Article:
Become a Chief Evangelizing Officer

Every business is up to something. Whether you sell medical supplies or create new technologies, you are out to make a difference for the people and industries you serve. You have a mission – and that mission will be more fully realized only when it becomes imbued in your daily operations and communications. Whatever your mission is, you must become a Chief Evangelizing Officer.

The Wylde Center is an environmental education organization with a mission to cultivate green spaces and inspire communities of environmental stewards. There’s no one better to talk about mission than non-profits, and this week Stephanie Van Parys (Executive Director) and Joy Provost (former Board Chair) of the Wylde Center share the ways that they make their mission real for their team and the communities they serve.

It All Starts with Your Team

All Starts with Your TeamVan Parys has a full staff, as well as a board, and she approaches both slightly differently. The board is her “go to” for planning and ideas, and her staff is the team that gets things done. This relationship might be slightly different for those of you in a for-profit company, but what can carry over is having a small, core group that helps you build and share your vision.

Maintaining a strong, open relationship with this core group is vital. Yeah, I know we say this a lot on CEO Exclusive, but it can’t be stressed enough. Van Parys credits the insightful questions asked by her board as a source of thought and inspiration as she continues to develop the organizational strategy and mission. She explains, “We have very talented people on the board who ask very hard questions. So, when I have these big ideas, they start drilling in with questions…they’re great questions, and so they really make me think, is this feasible, is this a good financial decision?”

It is also important to be sure that your vision is alive and well with everyone on your team, but doing that can be tricky. There is a clear correlation between employee engagement and their personal connection to the company vision. This article covers multiple ways in which to help your team experience your vision, including making sure that the vision is inspiring, ensuing that employees feel valued and taken care of, the vision is being communicated in a variety of ways, and honesty of the leadership.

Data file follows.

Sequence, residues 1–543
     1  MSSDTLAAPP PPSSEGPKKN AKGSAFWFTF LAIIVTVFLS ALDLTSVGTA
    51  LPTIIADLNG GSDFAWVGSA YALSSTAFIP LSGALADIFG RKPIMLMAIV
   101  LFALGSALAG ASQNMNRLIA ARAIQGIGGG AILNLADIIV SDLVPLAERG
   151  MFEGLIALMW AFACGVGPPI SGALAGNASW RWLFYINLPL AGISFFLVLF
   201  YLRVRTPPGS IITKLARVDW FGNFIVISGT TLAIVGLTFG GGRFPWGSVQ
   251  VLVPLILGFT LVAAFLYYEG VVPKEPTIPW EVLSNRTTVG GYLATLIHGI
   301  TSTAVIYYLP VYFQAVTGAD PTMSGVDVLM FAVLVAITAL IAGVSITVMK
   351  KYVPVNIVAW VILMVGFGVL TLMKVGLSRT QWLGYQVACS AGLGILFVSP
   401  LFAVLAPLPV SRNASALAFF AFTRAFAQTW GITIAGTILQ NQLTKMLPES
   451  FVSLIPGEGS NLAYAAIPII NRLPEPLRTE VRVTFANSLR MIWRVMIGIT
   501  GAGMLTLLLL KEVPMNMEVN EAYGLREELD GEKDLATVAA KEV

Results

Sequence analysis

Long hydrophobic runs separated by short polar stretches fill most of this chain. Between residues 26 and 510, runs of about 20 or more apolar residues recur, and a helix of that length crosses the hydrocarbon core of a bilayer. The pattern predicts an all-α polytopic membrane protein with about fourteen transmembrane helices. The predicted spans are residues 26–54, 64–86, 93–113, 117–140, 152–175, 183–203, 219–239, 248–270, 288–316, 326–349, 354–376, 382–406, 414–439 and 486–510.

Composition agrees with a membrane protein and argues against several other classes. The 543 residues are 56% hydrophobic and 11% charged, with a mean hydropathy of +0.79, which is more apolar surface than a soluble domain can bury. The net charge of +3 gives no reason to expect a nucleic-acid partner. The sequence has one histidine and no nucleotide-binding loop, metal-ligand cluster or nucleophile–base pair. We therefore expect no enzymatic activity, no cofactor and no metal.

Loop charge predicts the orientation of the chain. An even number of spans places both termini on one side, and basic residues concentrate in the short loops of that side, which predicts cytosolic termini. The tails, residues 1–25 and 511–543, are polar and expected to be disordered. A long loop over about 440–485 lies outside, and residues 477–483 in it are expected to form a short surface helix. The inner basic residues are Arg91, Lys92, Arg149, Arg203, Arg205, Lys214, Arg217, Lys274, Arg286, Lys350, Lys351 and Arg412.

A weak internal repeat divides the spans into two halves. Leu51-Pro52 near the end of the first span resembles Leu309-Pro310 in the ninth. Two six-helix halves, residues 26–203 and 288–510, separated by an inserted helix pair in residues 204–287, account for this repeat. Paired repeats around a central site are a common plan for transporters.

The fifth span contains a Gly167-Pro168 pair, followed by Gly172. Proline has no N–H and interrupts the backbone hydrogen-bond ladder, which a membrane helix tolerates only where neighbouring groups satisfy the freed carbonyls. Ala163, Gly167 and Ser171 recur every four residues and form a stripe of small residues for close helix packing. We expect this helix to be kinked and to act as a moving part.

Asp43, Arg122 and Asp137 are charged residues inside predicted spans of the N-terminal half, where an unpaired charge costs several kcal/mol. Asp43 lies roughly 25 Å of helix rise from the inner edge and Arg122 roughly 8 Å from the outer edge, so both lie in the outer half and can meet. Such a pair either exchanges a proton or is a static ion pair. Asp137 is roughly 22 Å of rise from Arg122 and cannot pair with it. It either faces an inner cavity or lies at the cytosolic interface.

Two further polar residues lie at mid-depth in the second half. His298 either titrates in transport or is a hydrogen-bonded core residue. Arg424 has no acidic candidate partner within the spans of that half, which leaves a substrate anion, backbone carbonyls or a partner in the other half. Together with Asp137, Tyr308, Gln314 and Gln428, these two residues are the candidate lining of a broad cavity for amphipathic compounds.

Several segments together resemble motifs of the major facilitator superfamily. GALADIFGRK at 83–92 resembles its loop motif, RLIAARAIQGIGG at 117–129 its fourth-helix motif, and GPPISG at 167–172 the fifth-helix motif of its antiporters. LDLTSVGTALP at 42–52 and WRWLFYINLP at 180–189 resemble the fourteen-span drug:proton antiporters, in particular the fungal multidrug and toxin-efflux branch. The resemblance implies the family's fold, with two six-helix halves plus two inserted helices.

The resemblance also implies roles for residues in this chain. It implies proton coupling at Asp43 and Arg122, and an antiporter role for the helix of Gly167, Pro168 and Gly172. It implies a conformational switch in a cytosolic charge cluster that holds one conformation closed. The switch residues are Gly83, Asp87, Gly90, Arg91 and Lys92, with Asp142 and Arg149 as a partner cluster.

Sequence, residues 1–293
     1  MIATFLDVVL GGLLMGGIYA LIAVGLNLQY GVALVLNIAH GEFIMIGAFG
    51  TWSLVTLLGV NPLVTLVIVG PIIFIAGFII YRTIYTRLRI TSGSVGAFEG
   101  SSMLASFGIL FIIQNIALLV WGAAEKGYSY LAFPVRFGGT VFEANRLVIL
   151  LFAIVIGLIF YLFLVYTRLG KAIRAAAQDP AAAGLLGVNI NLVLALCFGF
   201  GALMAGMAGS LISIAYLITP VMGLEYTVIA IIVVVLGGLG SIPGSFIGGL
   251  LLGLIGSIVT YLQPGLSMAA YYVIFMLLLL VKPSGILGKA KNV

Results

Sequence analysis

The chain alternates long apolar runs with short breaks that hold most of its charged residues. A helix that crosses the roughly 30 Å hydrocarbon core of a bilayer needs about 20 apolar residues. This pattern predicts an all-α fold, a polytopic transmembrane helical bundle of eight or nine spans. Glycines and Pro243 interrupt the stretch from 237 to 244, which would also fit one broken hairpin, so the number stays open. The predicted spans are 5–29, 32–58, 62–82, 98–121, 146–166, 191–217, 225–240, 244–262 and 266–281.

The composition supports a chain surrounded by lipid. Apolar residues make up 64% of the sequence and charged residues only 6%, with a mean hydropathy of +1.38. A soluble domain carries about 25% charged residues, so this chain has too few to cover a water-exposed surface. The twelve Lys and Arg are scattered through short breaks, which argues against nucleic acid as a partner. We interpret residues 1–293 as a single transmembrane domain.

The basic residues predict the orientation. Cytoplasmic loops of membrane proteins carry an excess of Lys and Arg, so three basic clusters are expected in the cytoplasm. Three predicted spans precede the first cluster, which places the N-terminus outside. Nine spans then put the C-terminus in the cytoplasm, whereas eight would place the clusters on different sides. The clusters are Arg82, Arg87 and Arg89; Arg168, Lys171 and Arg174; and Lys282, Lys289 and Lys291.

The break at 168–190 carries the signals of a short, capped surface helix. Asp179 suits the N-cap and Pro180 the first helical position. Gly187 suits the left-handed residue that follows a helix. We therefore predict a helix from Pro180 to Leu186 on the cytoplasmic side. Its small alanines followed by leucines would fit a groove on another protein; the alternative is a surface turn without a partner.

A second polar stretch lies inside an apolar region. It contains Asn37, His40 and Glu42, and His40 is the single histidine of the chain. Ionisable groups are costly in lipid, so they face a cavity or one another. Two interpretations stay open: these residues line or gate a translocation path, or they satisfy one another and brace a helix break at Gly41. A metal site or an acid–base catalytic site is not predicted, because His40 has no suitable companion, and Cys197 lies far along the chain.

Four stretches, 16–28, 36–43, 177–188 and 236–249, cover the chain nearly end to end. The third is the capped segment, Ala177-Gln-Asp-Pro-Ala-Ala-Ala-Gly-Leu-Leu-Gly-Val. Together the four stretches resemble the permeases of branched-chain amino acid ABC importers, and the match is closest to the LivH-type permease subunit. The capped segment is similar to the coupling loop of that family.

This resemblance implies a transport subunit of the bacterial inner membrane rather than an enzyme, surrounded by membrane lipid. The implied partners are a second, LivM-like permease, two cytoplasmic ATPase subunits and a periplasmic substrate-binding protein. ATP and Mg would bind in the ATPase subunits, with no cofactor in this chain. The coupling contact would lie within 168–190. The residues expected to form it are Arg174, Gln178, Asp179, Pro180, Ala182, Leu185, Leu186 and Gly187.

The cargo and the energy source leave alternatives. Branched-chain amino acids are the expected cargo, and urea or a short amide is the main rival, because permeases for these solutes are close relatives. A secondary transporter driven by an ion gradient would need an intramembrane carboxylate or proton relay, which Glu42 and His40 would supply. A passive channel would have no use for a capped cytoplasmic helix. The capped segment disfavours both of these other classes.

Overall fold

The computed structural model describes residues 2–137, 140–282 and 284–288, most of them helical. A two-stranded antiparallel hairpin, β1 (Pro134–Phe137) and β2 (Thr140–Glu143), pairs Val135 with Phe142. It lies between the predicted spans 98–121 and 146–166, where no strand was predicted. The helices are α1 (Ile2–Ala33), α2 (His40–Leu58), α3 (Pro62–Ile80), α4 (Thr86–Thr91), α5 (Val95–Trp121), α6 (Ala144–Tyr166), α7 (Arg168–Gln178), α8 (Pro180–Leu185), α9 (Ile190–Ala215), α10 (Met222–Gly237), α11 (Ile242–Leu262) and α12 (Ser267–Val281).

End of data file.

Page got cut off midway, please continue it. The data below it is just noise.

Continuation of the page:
Having your mission be alive and well with your team helps the team evangelize the message throughout the community. For Van Parys, that means walking the talk, and encouraging the same in her staff. She has been a long time pioneer and evangelist for environmentally conscious living, and sets an example for her team and community. She has her own garden, keeps chickens, and showed up at the grocery store with her own cloth bag long before it was cool. Whatever your mission is, find ways to have that same commitment show up in your every day life. Teams are inspired by their leaders.

Speak Up

Speak UpShare your message with the world. We talked above about inspiring your team, and finding multiple outlets for the communication for your message. Van Parys is an expert in both of these areas.  Says Provost, “She does a great job of recognizing what people are interested in, and always talking about the mission. She empowers her employees for the garden and the board to do the same. So, really, it’s not just Stephanie. She makes the whole organization live by the mission.”